- August 19, 2008
- 14 minutes read
The uses of democracy
Although many Islamist movements and parties have resolved their theological dilemma with respect to democracy and democratic practices, these parties and movements exhibit vast discrepancies between them in their understanding and internal application of democratic standards. As important as a commitment to democracy has become as a means to optimise their social and political gains, some Islamists still doubt the value of democracy as the most effective means for managing internal differences and for enhancing their organisational efficacy, and continue to subscribe to such values as blind allegiance and obedience, unquestioning reverence for the leadership and for a religious-based organisational hierarchy.
Arab Islamist movements and parties fall into two primary categories in this regard. The first comprises those with a virtually ideal internal climate, especially when compared to some Arab liberal and leftist parties. Democracy in this group extends beyond decision-making formalities to include complete provisions for the application of the principles of responsibility, accountability and transparency. In the second category, democracy appears to be regarded not so much for its moral value as for its instrumentality in steering the internal interplay in a particular direction. This pragmatic attitude creates the impression that there exist certain inviolable boundaries to democracy in these groups and that their leaders are averse to allowing democratic principles and values to take root among the rank and file.
In the first category we find
The Bahraini Al-Wefaq Islamic Society also falls into the first category. Founded in 2001, the society”s internal democracy has long set it apart from most other Islamist movements, especially Shia ones. The party”s charter provides for a flexible and balanced distribution of powers between its general congress and consultative council.
The Islamist movements in
In this instance, democracy appears to serve more as an instrument of punishment, not only against a particular faction within the group but also against society in general and the relative weight of the movement in that society. The fallout from the electoral defeat propelled Hamam Said to the leadership of the Jordanian Muslim Brotherhood. The new supreme guide is notoriously conservative and rigid, especially in comparison to this predecessor, Salem Al-Fallahat, and through his election Muslim Brotherhood members delivered the implicit message to the regime that they intended to take the tough line now that the regime demonstrated that the flexibility of the doves only made them easier prey. However, the Muslim Brotherhood”s internal crisis continued to snowball. Soon the doves and moderates boycotted several meetings of the executive bureau in protest against its procrastination of an “internal” hearing with the secretary-general of the Islamic Action Front, Zaki Bin Arshid, whom they charge with autocratic behaviour and indifference to the views of the executive bureau. Such “retaliatory” democracy, if we can call it that, does little credit to the movement and certainly harms its image and its relationship with the state and society.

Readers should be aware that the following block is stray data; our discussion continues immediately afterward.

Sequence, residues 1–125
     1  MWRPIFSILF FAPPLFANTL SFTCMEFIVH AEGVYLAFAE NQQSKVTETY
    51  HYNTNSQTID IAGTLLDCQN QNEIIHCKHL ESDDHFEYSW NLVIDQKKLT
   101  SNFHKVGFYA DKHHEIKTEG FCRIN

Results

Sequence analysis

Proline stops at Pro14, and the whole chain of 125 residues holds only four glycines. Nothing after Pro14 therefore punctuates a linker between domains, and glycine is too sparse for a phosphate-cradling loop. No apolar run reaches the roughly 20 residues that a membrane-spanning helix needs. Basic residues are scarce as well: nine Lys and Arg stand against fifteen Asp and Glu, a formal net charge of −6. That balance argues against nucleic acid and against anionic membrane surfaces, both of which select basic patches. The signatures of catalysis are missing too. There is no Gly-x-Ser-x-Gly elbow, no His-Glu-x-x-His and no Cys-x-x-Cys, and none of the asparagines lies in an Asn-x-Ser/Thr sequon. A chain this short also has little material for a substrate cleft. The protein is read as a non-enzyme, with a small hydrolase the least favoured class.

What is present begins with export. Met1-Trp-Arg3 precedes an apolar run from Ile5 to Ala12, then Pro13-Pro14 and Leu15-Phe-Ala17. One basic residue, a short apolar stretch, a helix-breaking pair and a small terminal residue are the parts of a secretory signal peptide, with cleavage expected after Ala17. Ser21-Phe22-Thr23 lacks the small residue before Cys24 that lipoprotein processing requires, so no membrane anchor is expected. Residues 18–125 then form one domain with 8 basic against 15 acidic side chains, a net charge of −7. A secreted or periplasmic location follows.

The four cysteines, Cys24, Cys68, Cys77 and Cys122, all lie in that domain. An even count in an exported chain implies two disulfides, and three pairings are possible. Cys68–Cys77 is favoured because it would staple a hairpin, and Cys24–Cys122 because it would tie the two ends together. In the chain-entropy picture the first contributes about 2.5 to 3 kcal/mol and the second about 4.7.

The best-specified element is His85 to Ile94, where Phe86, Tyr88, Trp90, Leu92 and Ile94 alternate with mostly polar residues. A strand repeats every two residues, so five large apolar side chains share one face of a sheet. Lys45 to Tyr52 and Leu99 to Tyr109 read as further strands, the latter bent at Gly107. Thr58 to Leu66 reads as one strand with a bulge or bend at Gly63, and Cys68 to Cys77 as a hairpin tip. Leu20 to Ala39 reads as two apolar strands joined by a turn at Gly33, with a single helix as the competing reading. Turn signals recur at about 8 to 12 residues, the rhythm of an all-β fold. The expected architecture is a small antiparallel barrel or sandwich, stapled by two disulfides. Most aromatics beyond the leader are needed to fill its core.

To think that the Egyptian Muslim Brotherhood is internally democratic is patently absurd, not only because of the lack of any checks and balances in its hierarchical structures but also because of the absence of a democratic culture in its ranks. While the organisation”s charter provides for elections to its various committees and leadership posts, the principles of integrity, transparency, accountability and performance remain alien to a prevailing culture and organisational approach founded upon unquestioning loyalty and obedience. To be fair, the democratic stagnation within the Egyptian Muslim Brotherhood cannot be divorced from two chief factors. The first is the total absence of democratic practice in all political institutions in
The fact is that even the Brotherhood”s most crucial and strategic decisions regarding internal matters or its relationship with the regime lack any real legitimacy, whether due to the absence of a “democratic” quorum or to the lack of a mechanism for polling members” opinions. A recent example of this is to be found in the so-called elections to fill some free seats in the organisation”s executive bureau. Apparently, no one was clear about the election process and many doubted its fairness and transparency. In the end, when the supreme guide announced the results there was no way to ascertain how these results were obtained. Meanwhile, the broader Brotherhood membership was no better informed on these elections than the general public.
In the final analysis, whether democracy is practised as a means to enhance the political and organisational performance of the group, as in the first category above, or as little more than a dispute settling mechanism, as is the case in the second category, democracy has become an essential instrument for moderate Islamist movements. Moreover, Islamist movements and parties such as those mentioned above appear to fare considerably better on democracy than many Arab secularist and liberal parties, which claim to advocate democracy but totally fail to practice it internally.
* The writer is an expert on political Islam and visiting fellow at the Brookings Institution,